MMT Quick Review of THE ERASURE

“64,000 Black and Brown women go missing every year across America.” title card from The Erasure

I had the pleasure of viewing several short films last weekend as a participant in the Black Women Film Network (BWFN) Short Film Festival. With a lineup that displayed a variety of films by Black women, the festival highlighted stories from around the world and storytelling that is too often underrepresented.

I enjoyed many of the selections, however there was one film entitled “The Erasure” that I would love to see developed into a full-length feature.

Here’s the synopsis: This thriller film is sort of like ‘The Purge’, and for one weekend out of the year Black women and girls go missing. This fictional film is inspired from a real statistic, that 64,000 Black and brown women and girls go missing in the United States every year and only a fraction of their cases are investigated. The rules for the Erasure weekend are that there cannot be any police involvement or media coverage of the missing women. In this world there is a ‘safe haven’, a neighborhood known as Fontier Hills. This year the audience goes on a journey with three Black women that live in this safe haven and shows what happens to them when The Confederate goes beyond their boundaries to capture them.

With a 13-minute running time, this film packs a punch and does much with little. Using a Purge like theme, where it is legal to kidnap Black women for one night of the year, it focuses on racial injustice, the alt-right, the magical negro, false “woke” whiteness, and microaggressions routinely faced by Blacks.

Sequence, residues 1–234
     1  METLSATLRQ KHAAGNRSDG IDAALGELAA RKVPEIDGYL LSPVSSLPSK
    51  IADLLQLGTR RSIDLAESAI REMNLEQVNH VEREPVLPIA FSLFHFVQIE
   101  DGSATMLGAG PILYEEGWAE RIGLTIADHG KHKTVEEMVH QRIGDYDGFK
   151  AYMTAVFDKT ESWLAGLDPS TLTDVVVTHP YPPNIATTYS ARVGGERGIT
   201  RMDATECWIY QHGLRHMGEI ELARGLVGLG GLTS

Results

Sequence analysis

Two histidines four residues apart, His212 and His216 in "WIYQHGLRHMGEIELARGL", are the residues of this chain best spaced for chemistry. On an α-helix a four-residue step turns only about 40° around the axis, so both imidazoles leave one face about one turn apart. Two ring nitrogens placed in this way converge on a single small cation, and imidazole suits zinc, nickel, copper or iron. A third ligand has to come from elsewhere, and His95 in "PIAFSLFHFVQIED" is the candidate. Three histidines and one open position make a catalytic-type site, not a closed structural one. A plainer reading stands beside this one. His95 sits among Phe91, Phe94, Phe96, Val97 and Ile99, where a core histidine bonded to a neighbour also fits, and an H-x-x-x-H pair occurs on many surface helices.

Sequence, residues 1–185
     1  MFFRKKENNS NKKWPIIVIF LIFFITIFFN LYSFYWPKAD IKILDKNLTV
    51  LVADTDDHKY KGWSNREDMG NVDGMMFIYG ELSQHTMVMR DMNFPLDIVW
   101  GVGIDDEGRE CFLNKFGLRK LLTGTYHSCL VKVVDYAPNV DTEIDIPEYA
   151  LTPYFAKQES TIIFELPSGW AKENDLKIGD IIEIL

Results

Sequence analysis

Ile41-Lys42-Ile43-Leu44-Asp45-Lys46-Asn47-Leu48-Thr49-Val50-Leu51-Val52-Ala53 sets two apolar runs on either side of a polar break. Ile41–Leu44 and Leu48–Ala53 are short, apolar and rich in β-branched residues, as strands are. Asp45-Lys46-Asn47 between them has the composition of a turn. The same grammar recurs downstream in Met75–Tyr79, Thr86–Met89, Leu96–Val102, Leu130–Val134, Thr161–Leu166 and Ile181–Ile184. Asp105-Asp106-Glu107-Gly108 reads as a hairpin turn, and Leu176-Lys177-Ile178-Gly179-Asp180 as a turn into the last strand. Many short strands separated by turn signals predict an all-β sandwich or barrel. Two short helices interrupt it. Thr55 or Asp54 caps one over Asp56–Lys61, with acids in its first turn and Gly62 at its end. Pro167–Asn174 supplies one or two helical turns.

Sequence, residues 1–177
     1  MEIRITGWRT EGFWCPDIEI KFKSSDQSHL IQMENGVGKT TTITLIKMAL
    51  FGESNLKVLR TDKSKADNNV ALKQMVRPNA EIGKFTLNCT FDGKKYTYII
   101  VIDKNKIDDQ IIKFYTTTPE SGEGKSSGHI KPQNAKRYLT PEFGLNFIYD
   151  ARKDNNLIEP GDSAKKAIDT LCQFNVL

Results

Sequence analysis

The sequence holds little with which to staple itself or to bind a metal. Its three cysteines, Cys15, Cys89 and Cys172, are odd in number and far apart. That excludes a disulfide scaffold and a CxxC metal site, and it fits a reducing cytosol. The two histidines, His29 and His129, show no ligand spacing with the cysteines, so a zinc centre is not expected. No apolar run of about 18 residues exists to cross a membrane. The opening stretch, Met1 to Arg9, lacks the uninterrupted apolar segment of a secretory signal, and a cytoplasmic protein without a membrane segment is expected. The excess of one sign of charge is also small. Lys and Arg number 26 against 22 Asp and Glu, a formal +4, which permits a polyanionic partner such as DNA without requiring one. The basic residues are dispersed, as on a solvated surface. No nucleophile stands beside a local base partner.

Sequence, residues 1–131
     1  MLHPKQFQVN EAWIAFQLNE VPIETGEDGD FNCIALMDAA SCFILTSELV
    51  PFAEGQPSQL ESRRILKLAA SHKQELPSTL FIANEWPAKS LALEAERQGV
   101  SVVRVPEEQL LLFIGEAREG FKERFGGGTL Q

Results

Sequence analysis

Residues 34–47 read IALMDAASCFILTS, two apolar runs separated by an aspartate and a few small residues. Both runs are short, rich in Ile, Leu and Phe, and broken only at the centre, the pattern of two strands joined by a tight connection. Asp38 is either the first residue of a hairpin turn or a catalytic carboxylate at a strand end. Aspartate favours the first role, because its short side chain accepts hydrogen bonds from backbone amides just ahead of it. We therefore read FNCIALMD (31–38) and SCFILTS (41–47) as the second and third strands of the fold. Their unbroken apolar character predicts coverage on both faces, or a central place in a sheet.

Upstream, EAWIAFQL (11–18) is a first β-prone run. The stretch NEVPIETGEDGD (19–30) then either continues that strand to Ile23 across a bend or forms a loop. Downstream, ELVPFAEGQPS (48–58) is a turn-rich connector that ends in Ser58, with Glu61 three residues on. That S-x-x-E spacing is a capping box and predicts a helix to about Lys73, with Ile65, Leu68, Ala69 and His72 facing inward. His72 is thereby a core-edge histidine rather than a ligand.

Creator and director Akeallah Blair, who created the short after a 2018 Kickstarter campaign, shared that she has, “always felt deeply about the number of missing women in America, and I wanted to do more than show up at rallies and post on social media. I made The Erasure film to highlight the nationwide discrepancy towards missing women of color.”

To drive the point home even further, the short ends with a dedication to Sheila Abdus-Salaam – an American judge and attorney who went missing in 2017 and whose body was recovered a mile from her Harlem home. Her death was ruled a suicide, however the authorities were not forthcoming with evidence used to determine the manner death, and her family and loved ones are rightfully contesting.

A thriller that sheds light on a topic which too often goes overlooked and underreported, missing Black women, “The Erasure” shocks the audience and leaves it with much to contemplate. I rate the film 4 out of 5 on the MMTrometer.

Click the hyperlink here to see a trailer, and I will definitely keep you updated regarding any formal premiere/release date.

Until next thought, Thomasena

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